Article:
I listen to my owner and she tells me where to go. I just ensure she gets there safely. She’ll tell me to find left, find right, go straight on, forward to start, wait to stop, stay to wait, and find doors or the crossings or kerbs. I wait at the kerbs for her to tell me to cross when she thinks its safe or the beep sounds. I never know where we’re going so its always a surprise.

I’m five years old and have been a working guide dog for three and a half years. But before I qualified with my owner, I had to be trained to do all of the things I can do now.

When I was born I had eight brothers and sisters. we were checked over to make sure we were healthy and sent to a family to learn how to do all of the doggy things, like go to the bathroom outside, sit on command, lay down, stay and walk nicely on the lead.

I had to wear a jacket to show I was a guide dog puppy and in training to become an adult guide dog. That meant people couldn’t pet me without permission in case I got too excited and silly. I wasn’t allowed to be fed scraps of food or anything that wasn’t my puppy food to maintain a good, healthy weight. No one wants an unhealthy dog to guide them.

My family took me to restaurants and encouraged me to lay under the table and made sure I behaved myself while they ate. they took me on buses and trains and in the car to get me used to the sounds, smells and sights. The outside world is a very scary place so as soon as I began to learn all of the different sights, sounds, smells and environments, the better. I was taken to busy shopping areas, train stations, into lifts and up and down busy staircases. People would come from guide dogs to check I was doing OK and when I got to a year old, I was taken away from my family. The curiosity of learning new things, playing with my family was over and I was taken to kennels to start the next part of my training.

When I was in the kennels, it made me sad. I didn’t like having all of those other dogs and I missed being with a family. The kennels were nice enough with a comfortable bed and blanket, fresh water and clean floor. This training was much harder. The commands of sitting, wait, down, up were now used all of the time and we were trained to explore small areas, go over unfamiliar feeling ground, or walk near flashing lights or loud sounds to get us used to things we would come across once we became grown up guide dogs. Whenever we did something good, our trainers would pat us, tell us we did good and give us a treat which was usually a piece of our dried food.

We were only a year old when this training began and it only lasted between three to four months before we continued onto our last stages of training which was called advanced training.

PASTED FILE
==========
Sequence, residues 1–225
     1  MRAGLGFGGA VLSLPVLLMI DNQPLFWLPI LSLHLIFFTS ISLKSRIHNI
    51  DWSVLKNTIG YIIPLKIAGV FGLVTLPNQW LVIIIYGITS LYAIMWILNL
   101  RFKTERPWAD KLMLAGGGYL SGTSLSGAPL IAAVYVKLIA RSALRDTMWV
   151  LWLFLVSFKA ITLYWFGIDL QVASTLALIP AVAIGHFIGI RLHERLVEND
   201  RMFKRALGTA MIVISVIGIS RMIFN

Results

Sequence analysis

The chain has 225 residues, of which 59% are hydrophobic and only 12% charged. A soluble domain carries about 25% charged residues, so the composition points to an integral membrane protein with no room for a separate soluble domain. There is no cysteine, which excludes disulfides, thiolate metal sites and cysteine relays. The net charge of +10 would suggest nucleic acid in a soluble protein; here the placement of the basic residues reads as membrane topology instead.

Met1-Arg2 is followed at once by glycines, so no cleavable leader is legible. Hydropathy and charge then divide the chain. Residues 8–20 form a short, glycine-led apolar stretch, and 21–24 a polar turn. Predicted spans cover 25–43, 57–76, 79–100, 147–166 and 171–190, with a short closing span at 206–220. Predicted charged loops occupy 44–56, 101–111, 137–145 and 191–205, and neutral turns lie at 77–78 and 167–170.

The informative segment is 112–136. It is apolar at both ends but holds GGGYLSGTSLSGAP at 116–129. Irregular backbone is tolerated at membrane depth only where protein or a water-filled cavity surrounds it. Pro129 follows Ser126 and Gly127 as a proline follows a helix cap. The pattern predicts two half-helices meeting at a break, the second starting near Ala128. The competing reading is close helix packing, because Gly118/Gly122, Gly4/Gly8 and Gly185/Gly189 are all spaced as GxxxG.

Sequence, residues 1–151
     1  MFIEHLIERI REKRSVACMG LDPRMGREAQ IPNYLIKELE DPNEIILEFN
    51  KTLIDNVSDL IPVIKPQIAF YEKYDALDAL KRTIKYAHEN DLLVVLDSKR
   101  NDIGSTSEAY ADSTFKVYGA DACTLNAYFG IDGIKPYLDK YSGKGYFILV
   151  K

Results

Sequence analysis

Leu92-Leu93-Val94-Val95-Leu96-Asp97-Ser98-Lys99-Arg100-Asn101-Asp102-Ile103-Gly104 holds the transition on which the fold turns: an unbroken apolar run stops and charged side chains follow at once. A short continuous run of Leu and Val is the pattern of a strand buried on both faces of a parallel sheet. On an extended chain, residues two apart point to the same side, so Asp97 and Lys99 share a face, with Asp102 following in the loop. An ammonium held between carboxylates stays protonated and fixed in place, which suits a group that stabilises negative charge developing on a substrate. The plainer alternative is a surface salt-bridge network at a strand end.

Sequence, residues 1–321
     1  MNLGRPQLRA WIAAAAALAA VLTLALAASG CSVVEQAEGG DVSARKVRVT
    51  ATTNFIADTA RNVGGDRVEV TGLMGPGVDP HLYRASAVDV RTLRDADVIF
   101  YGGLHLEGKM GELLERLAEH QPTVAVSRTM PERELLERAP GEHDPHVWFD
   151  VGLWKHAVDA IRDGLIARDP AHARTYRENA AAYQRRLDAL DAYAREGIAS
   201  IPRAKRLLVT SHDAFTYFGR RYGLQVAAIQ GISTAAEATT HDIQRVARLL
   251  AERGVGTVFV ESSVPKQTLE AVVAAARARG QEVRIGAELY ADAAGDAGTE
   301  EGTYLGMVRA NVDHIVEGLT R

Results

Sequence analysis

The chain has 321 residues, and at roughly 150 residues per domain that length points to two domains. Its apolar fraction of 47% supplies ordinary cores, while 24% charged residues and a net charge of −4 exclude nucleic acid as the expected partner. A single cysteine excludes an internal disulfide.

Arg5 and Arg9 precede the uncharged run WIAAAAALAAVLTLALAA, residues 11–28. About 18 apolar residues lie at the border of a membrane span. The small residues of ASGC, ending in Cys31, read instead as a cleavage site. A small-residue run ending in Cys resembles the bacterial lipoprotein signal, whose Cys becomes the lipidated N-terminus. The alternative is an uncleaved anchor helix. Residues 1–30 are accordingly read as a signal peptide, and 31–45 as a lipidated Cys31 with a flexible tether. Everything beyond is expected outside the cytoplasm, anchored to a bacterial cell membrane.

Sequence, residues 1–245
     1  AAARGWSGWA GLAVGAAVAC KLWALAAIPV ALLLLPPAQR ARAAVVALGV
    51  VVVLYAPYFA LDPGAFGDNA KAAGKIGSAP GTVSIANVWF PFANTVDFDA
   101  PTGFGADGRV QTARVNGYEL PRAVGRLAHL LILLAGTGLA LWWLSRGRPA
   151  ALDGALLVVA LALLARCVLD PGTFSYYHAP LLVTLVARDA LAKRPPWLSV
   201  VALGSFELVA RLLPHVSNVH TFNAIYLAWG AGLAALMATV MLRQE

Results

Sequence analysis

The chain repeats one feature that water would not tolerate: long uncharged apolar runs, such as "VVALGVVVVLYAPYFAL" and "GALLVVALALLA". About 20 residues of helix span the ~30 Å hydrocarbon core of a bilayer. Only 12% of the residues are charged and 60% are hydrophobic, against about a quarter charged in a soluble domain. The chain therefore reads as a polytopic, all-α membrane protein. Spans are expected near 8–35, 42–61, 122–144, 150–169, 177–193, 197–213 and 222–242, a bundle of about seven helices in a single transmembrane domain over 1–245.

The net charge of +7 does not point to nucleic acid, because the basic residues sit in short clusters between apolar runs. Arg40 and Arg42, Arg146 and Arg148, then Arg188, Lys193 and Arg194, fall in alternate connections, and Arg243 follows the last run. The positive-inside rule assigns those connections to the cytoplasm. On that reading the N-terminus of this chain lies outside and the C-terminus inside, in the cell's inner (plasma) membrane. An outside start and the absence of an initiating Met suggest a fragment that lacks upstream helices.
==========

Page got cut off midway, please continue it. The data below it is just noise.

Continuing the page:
The harness was put on us and the human trainer held onto the handle which felt very strange at first. They started using other commands to instruct us on where to go. We did all of our training outside on the street and within public buildings as we would be doing once we qualified.

Here are some of the commands my trainer and eventually my owner would use.

find left, which would tell us to find left.
find right, would tell us to find right.
Straight on, which would mean to continue to go straight ahead.
Forward, which would mean to start walking.
Wait, which meant to stop.
Find an object, such as a door or a crossing.
steady, which meant to calm down or slow our speed.

There are more but those are just a few to mention. But remember, don’t use these commands with a guide dog, they are only meant to be used by the owner. If we start listening to other people, we may not listen to our owners as well and this could be dangerous to them. So please don’t use any command on a guide dog either in harness or out of harness.

My trainer was good and firm and when I was a year and a haf she took me to meet a lady who might become my new owner. my trainer let me out of the van and we walked into the house. I was so excited to meet someone new and so my instructor harnessed me up and we went out for a walk together.

Suddenly, I had another person on the end of the handle which was very strange. But we worked well together and a few weeks later I was at the training hotel with her and we worked as a team to become qualified dog and owner.

Once I moved to her house, I got a nice comfortable bed and whenever I didn’t have my harness or lead on, I was able to play, cuddle and be a regular dog. I just wasn’t allowed to eat anything but my dog food and the occasional pigs ear, carrot or apple. My owner gives me those once a week and she takes me for a nice long run where I can sniff and generally be a regular dog. I have lots of toys to play with and chew on a bone to keep my teeth clean. I get brushed every day or so so my fur keeps shiny and its always a nice time to spend with my owner. She takes me to the vets to make sure I’m healthy and always takes care of me when I’m sick. She’ll tickle my tummy along with the rest of the family who always give me nice pats and tickle my ears.

I sometimes am mischievous but my owner will tell me off when I’m bad but she loves me very much. We go into busy shopping malls, walk down busy streets, go on the buses and trains together and my owner can do all of this because she has me to see for her.

All those months where I was learning different environments helped me to take her wherever she wants to go and we always do it safely. i’m not allowed to be stroked in my harness unless my owner tells the other humans they can do so, so always remember to ask. And never feed me because it encourages me to eat food off of the ground and that might make me sit. ever give me commands because I should only listen to my owner. I’m a friendly dog and as long as you ask my owner if you can pet me and she says yes, then I would love the petting and attention.